In accordance with the invention, the rows of rollers may be nested closely together to maximize load capacity and minimize wheel size. For example, in FIG. 4, roller 34 a of the first row and roller 36 b of the second row both intersect plane 46, and are therefore considered to be “nested”.

As shown in FIG. 5, the rollers of one row have large angular gaps which result in large variations in the wheel radius. For example, large angular gap 52 of row 50 results in radius variation 54. One row alone would result in a very bumpy ride, but when combined with one or more additional rows, the rollers form a substantially complete circle, with minimal ride-height variation. For instance, row 50 combined with row 56 (clocked at angle 57, equal to 25.71°), results in the complete roller set 58 having very small angular gaps 59. Note that roller 36 b of the second row “fills the gap” between rollers 34 a and 34 b of the first row.

The use of multiple rows of non-coaxial rollers, in accordance with the invention, allows the use of larger diameter rollers with less taper. The result is as greater load capacity, reduced wheel wear, lower rolling friction, reduced contact pressure, greater positioning accuracy, less vibration, and an improved ability to travel sideways over obstacles. By making the ends of the rollers larger, there is more room for bearings and the ability to support each roller on both ends.

Hub 32, FIG. 3 may be made of one piece of material, e.g. by casting from aluminum alloy and then CNC machining. Hub 32 supports each roller axle from both ends. For easy replacement, each roller can be mounted on bearings to a tubular axle. The resulting “cartridge assemblies” can be inserted into the roller pockets and secured with axle bolts 37.

The hub may also be an assembly of multiple parts. FIG. 6 shows an exploded view of a three piece hub for an omni wheel, in accordance with the invention, having 2 rows of 6 rollers. Hub 60 includes center rim 62 sandwiched by inner flange 64 a and outer flange 64 b. The flanges attach to either side of the center rim using fasteners 66. Rollers are mounted by inserting axle bolts into through holes 68 and screwing into threaded holes 69. Holes 68 and 69 can be counterbored to accept “shoulder screw” type axle bolts.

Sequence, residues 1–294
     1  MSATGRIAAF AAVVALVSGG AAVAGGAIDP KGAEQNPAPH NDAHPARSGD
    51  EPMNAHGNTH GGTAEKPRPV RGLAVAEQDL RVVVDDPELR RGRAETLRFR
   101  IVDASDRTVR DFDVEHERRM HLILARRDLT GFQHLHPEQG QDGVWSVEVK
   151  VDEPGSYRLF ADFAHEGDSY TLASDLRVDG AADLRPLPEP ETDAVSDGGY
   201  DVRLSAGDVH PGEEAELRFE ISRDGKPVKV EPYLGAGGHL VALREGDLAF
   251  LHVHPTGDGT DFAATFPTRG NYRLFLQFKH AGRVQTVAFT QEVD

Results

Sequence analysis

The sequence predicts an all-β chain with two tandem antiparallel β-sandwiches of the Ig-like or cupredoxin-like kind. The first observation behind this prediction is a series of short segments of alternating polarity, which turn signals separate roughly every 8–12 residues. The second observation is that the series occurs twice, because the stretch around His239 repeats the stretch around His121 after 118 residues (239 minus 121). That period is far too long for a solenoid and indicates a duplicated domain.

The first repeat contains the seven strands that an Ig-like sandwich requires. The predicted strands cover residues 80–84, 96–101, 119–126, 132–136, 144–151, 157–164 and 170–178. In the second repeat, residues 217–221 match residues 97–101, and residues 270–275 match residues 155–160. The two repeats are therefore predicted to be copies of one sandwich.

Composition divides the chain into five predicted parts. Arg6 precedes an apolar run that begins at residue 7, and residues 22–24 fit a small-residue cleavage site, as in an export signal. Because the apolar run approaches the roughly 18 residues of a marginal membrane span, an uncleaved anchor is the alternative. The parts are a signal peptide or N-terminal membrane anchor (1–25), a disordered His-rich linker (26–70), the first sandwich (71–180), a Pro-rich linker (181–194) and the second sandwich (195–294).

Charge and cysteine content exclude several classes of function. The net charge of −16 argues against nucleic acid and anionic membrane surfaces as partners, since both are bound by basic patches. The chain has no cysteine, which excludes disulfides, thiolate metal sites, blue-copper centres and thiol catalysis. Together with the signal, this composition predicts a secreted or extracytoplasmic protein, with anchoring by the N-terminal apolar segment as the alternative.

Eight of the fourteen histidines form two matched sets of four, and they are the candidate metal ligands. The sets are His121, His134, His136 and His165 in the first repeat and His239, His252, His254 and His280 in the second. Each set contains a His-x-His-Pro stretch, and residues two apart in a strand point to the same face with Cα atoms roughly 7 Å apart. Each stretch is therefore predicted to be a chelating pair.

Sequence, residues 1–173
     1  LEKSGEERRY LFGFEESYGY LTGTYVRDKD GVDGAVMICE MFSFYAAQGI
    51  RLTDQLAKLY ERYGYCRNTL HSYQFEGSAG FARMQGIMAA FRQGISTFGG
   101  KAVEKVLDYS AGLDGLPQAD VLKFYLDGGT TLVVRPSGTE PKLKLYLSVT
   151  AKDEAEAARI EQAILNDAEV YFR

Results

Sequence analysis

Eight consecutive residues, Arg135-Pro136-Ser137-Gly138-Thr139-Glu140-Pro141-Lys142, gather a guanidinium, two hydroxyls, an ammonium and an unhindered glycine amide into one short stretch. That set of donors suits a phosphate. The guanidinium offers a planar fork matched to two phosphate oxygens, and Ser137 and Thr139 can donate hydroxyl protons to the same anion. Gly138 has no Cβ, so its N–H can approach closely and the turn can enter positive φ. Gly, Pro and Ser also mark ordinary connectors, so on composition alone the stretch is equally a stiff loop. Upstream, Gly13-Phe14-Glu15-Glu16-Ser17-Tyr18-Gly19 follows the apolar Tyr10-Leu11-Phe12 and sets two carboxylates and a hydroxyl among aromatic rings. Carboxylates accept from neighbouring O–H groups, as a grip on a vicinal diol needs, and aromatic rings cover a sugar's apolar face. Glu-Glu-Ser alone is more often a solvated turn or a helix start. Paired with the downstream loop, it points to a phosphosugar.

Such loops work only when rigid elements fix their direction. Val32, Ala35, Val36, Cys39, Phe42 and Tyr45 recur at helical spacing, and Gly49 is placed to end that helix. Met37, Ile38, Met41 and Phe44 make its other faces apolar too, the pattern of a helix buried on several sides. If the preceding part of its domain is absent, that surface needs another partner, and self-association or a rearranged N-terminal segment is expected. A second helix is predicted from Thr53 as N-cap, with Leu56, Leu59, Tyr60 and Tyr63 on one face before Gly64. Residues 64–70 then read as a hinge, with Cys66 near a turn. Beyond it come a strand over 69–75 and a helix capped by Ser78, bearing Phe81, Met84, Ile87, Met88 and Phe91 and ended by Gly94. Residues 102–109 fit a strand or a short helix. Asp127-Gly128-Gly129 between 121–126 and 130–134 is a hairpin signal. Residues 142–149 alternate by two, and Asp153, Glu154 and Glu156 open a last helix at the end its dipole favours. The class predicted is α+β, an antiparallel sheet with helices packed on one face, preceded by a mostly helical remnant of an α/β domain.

FIG. 7 shows hub 60 assembled and populated with rollers resulting in omni wheel 70. All rollers are supported at both ends for maximum load capacity. Rollers of the first row (34 a′-34 f′) mount between the inner flange 64 a and center rim 62, and rollers of the second row (36 a′-36 d′) mount between center rim 62 and outer flange 64 b.

Omni-wheel 70 was built and tested. It exhibited an 8 times reduction in wear rate compared with a similarly sized mecanum wheel of the type shown in FIGS. 1 and 2 (prior art). The current invention achieves lower wear rate by having less variation in the roller radius within the contact patch, i.e. the rollers are nearly cylindrical in shape and therefore scrub much less than the near-conical rollers of the prior art. The load capacity is also improved owing to the increase in the minor diameter of the rollers. The minor diameter of the preferred rollers of the subject invention is approximately two times larger than a prior art design built by Airtrax Inc., having comparable wheel diameter.